i for one am ready for this one to be over and to watch some teams that can actually play before there’s no more baseball to watch.

      shd pillar misplayed that ball…

  • Seth

    In fairness, Pete knew he had to try to score, otherwise he’d just end up stranded on the bases. At least he went down trying.

  • Jon

    Gary DiSarcina is a worse as a third base coach than Angel Hernandez is as an umpire. So many boneheaded calls in the last three years.

    • Seth

      I think Teufel was worse — his default seemed to be to always send the runner. Remember Tim? The guy basically ignored in “Once Upon a Time in Queens?” Mr. Bat Boy #86 (who’s in every 1986 photo for some reason) got more air time.

  • Eric

    Bad Mets baseball is always better than no Mets baseball. With no playoffs coming, the remaining games are precious.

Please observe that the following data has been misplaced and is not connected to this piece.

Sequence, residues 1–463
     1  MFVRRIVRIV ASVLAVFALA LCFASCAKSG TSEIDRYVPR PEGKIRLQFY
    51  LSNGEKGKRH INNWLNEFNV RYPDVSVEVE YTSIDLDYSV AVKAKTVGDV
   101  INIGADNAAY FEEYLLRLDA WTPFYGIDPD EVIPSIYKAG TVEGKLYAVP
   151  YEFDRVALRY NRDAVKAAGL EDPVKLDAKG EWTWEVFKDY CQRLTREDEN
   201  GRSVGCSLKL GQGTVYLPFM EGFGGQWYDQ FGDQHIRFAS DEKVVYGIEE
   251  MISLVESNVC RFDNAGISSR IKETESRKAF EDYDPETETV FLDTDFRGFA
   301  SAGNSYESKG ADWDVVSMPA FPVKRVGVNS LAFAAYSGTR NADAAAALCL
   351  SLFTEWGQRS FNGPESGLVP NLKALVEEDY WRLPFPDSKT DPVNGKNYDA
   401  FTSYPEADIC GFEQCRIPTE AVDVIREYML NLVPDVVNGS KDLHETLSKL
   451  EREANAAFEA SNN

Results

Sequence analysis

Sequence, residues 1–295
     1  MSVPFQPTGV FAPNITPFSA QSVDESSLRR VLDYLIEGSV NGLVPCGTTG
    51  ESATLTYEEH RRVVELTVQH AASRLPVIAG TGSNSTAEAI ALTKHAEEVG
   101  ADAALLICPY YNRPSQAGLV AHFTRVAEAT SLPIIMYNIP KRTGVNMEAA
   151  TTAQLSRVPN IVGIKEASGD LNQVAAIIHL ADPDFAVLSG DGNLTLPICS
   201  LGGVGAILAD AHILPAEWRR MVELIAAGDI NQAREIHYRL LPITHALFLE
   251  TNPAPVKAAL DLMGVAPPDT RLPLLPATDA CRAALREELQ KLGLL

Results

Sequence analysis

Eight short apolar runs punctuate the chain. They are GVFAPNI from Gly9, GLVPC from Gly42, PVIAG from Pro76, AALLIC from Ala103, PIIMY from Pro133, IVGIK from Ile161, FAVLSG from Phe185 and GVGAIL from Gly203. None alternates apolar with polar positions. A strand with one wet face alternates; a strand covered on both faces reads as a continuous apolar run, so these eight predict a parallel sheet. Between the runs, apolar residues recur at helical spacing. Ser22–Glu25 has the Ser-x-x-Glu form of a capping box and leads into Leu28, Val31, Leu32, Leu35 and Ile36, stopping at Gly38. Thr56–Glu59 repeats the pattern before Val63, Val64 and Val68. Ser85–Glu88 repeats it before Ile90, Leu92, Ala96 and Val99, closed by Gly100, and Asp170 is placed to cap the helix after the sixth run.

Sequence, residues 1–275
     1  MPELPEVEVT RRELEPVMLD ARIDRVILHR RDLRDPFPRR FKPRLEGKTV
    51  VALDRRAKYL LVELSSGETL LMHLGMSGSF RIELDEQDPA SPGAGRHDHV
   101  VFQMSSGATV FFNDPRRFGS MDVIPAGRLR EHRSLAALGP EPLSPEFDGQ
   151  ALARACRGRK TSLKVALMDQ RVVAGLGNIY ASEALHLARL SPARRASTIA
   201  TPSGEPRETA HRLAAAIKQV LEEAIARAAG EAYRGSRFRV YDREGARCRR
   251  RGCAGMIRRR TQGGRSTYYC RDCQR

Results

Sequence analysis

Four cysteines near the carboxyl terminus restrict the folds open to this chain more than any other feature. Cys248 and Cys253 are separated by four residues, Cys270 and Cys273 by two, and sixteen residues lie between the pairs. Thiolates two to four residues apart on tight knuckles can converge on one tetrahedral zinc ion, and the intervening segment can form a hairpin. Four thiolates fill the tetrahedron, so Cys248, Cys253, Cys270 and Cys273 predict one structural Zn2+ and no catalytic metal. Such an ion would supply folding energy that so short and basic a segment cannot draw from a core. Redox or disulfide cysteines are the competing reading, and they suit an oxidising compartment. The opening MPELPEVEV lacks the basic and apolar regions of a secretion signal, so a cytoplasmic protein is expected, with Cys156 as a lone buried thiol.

Randazzo was unusually critical of the Mets last night. At this point, it’s not frustrating. I’m just resigned the Mets have settled as a bad team.

    Tragic number is getting close.

  • open the gates

    I just want them all to go away. Quattlebush. DiSarcina. Rojas. The analytics kids. The trainers and conditioning coaches who can’t keep their players off the IL. The Acting GM who can’t keep off the juice when he’s behind the wheel. And yes, even everyone’s favorite, Jeremy Hefner, who doesn’t look half as smart now as he did earlier in the season, and may be responsible for destroying the career of our best pitcher of the last 20 years. And the aging team president who was ultimately responsible for this whole mess. Did I leave anyone out? Fire them too. Do I sound bitter? You bet.